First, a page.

Why You Should Have an Eyewash Station in Working Order
You heard it here first—an eyewash station isn’t a fancy drinking fountain. If you need a drink of water, we recommend finding another source… like maybe an actual water fountain.
In all seriousness, eyewash stations are important pieces of equipment that reduce the major risks associated with chemical exposure (think: chemical-related eye injuries). Let’s discuss why you might need a properly functioning eyewash station.
Who Needs an Eyewash Station?
Based on the requirements of the Occupational Safety and Health Administration (OSHA), an eyewash station is required if a person may be exposed to “injurious corrosive materials” (aka chemical materials in laboratories).
The Material and Safety Data Sheet (MSDS), included with the chemical, indicates if the chemical is injurious corrosive.
Eye-related chemical injuries can lead to:
- Corneal perforation
- Corneal ulcers
- Retinal damage
- Eye loss
- And more
What Are Eyewash Station Requirements?
In 2009, the ANSI updated the standard for emergency eyewash stations. According to the new updates, if you or employees are working with hazardous chemicals, the station should be:
- Installed and maintained correctly (i.e. the injured person should be able to flush their eyes for at least 15 full minutes)
- At sites with any hazardous materials
- No more than 100 feet from where the material is being handled
- Within a 10-second walk of the hazardous material
- Unobstructed by other machinery or equipment
- Up to ANSI standard with respect to location, rate of water flow, fluid angle, water temperature, user position, and station location
All of these regulations are set in place so that if an emergency situation arises, the exposed person can quickly seek treatment to avoid severe damage.
Why Do You Need an Eyewash Station?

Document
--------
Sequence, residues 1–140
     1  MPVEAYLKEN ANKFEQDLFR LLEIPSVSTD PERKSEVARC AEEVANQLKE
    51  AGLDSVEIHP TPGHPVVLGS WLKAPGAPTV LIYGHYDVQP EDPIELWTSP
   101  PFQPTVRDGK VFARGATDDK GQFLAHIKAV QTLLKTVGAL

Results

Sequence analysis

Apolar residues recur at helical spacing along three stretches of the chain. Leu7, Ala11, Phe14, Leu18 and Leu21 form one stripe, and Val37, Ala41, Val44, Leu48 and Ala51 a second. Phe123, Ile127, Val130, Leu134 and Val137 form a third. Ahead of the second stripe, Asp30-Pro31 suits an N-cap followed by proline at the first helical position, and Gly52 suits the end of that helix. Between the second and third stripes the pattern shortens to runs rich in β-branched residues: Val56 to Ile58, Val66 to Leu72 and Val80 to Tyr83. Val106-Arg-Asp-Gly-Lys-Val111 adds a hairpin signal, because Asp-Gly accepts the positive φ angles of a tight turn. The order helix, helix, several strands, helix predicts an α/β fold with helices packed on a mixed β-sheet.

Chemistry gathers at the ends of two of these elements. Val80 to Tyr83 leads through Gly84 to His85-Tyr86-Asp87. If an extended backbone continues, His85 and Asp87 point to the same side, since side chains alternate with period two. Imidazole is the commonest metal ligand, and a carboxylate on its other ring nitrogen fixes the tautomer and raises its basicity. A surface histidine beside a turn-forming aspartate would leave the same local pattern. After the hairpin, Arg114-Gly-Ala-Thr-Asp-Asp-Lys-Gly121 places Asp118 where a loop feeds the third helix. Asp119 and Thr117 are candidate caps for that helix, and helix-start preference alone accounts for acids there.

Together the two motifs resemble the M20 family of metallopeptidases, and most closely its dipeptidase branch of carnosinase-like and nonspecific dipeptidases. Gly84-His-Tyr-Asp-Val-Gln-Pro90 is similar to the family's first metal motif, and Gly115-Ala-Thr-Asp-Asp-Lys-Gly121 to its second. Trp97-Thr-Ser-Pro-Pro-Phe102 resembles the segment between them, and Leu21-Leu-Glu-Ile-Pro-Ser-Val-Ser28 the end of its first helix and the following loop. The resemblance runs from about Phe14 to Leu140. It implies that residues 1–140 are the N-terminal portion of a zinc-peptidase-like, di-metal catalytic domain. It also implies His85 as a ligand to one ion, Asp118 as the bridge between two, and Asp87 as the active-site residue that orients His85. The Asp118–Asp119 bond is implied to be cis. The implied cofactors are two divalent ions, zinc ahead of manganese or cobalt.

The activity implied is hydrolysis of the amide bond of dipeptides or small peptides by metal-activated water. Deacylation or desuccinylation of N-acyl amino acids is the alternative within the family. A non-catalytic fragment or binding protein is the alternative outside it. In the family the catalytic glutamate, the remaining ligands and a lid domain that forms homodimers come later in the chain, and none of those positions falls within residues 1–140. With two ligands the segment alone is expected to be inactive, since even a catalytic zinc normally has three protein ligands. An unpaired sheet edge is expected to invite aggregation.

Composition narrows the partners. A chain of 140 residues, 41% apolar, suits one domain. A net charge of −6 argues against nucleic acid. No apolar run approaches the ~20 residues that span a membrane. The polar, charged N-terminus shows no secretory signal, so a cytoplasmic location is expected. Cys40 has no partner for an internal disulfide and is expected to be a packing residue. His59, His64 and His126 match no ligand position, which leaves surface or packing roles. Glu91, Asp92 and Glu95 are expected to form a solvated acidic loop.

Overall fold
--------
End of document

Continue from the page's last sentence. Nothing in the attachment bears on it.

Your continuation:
Eyewash stations are an important piece of keeping you and your employees safe. If someone is exposed to a hazardous substance, especially a corrosive chemical, immediate treatment is critical to reduce injury.
Proactively treating a hazardous chemical exposure in the first 10 to 15 seconds after exposure can reduce damage and injury because it flushes away the substance by providing quick decontamination.
We get it, accidents happen. A chemical exposure can occur even with all of the right safety precautions in place or when a person isn’t donning personal protective equipment. Having an emergency eyewash station provides an additional layer of safety to reduce the damage chemicals cause.
How to Use an Eyewash Station
First, anyone working with or near hazardous chemicals should be wearing personal protective equipment (i.e. goggles, face shields, gloves). This will reduce the chances of chemical exposure.
If an eye emergency does occur, it’s imperative to act quickly. You have 10 to 15 seconds from the time of initial exposure to flush out the chemical before the substance causes serious injury. Understand how to use your eyewash station before an emergency situation arises; it’s a race against the clock when you’re dealing with hazardous chemicals.
If chemical eye exposure occurs, walk to the eyewash station immediately as a peer notifies emergency services. Once at the station, push the foot pedal or hand lever to activate the flow of water. Then, lean over and hold your eyelids open and allow the water to flow over the eyeballs for at least 15 minutes, or until emergency responders arrive with further instructions.
While flushing your eyes for 15 minutes, roll your eyes around so the water can flush the entire surface of the eyes, and remove contact lenses. Even if only one eye was contaminated, wash both eyes.
If you need a visual guide, watch our pal, Andy Bernard, demonstrate below.
For more information on what else businesses need to know about eyewash stations, click here.